Tag Archives: brie

Norfolk White Lady

So, turns out that today is #CheeseLoversDay. Other than a hashtag, I’m not sure what this consists of but it did seem to mean I had to write something. Then I started to worry: if I post about a particular cheese, will all the other cheeses think that I love that cheese the most? Finally, I got a grip and decided to just write about the last cheese that I bought, on a recent foray to East Anglia.

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Aldi’s Artisan British Cheese Range

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First, a confession. When I received an initial email from Aldi’s PR people, telling me that they were launching a new British cheese range, my first thought was along the lines of ‘Euw, that’s unlikely to be pleasant.’ It wasn’t a snobbish reaction against discount outlets but more a terror of supermarket cheese in general. I was once on a panel that had to judge supermarket territorial cheese and it was a fairly dismal experience. It was impossible to tell apart a Wensleydale from a Caerphilly, Lancashire or Cheshire, and the orange versions could equally have been Red Leicester or Double Gloucester. I digress but, in conclusion, I nearly did the British thing of ignoring the email entirely.

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St Endellion

It’s not every day that you find a link between the name of a cheese and a British prime minister. (I tried very hard here to come up with some suitable puns but I’m afraid that Stilton Churchill, Anthony Edam and Gouda Brown was the best I could do. Apologies. I lay down the gauntlet for anyone to do better.) I stress that I didn’t buy this week’s cheese because of its connections to the Tory party, which would be a bit weird; I only discovered it afterwards. I bought it because it looked good and gooey, so here it is, looking a bit buttery and lovely:

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Camelbert

I was recently lucky to get the opportunity to be a cheese judge at the Global Cheese Awards (don’t worry; I was in a team of people with experience who knew what they were doing so any amateurism on my part was ironed out overall). It was fascinating and great fun too, although I haven’t been able to eat much cheese since after scoffing about 40 different types. Whilst I tried some cheeses that were lovely, some that were okay and one that was truly horrible, there was one in particular that wasn’t up for judging but which caught my eye for obvious reasons: camel cheese. Whilst I couldn’t buy any as very little was made, I did manage to snaffle some and here are some photos to prove it:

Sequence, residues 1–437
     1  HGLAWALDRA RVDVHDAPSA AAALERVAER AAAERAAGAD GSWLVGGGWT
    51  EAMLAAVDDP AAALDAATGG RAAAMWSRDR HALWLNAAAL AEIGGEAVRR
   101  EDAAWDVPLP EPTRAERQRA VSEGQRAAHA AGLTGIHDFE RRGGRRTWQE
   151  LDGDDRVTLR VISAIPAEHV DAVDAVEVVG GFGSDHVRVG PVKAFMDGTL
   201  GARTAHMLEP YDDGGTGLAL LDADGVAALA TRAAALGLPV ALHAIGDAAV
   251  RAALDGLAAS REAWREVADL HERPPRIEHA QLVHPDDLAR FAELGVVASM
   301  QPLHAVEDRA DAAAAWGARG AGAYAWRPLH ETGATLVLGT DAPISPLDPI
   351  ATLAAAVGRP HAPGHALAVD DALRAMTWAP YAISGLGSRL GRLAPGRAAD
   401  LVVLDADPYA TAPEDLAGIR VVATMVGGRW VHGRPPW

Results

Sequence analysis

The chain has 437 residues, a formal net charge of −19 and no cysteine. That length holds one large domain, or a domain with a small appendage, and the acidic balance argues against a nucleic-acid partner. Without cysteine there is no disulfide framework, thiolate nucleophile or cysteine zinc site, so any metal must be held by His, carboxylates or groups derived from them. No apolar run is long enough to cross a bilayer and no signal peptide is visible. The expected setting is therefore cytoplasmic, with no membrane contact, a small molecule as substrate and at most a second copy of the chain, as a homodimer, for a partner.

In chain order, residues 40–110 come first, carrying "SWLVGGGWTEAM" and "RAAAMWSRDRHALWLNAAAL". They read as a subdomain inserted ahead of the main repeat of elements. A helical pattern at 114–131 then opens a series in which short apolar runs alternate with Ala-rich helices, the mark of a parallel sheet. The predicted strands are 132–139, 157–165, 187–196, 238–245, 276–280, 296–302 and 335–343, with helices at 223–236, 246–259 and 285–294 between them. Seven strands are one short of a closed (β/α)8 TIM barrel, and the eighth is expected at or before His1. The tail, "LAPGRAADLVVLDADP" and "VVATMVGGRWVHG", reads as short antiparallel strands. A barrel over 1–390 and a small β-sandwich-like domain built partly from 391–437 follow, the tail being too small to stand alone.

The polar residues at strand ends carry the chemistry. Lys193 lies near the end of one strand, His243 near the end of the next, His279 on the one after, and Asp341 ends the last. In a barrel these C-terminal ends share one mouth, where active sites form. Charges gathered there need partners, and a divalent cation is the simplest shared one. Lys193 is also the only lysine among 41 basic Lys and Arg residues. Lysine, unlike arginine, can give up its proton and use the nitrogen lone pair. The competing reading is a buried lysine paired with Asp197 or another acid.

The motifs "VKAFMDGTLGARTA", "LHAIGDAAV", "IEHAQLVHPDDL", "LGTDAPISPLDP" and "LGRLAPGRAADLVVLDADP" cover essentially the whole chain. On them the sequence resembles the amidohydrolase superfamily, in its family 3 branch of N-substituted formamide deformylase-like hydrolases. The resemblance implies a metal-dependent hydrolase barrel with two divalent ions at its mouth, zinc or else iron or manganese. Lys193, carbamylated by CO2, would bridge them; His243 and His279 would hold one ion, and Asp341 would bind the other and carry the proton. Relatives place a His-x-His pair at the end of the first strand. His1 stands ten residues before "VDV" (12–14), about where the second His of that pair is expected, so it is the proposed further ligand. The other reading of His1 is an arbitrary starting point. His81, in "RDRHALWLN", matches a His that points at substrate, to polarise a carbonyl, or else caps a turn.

Camelbert cheese

Camelbert cheese
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Suffolk Farmhouse Cheeses

Suffolk Farmhouse Cheeses

It’s fair to say that Suffolk has historically had a bit of an image problem when it comes to cheese. Back in the sixteenth century Suffolk cheese had a good reputation but farmers began to turn to butter production, which was more profitable; cheese made from the resulting skimmed milk was famously hard and inedible. One connoisseur described it as having ‘a horny hardness and indigestible quality’, Samuel Pepys recorded that his wife was ‘vexed at her people for grumbling to eat Suffolk cheese’ and a range of contemporary ditties describe how weevils are unable to penetrate it and rats on ships prefer to eat grindstones. When severe floods and cattle disease caused a drop in production, cheesemongers were only too happy to turn their attentions to Cheshire cheese instead and before long Suffolk cheese receded into folk memory.
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Perl Wen

I’m a recent convert to Caerphilly (or Caerfilli as I now realise it should be called) and a long-time snaffler of Brie and so when I saw Pong describe a cheese as the ‘organic lovechild of a Caerphilly and a Brie’ I knew I had to hunt it down and make it mine. That cheese is Perl Wen and here it is, looking all creamy and lovely and a bit gooey around the edges:

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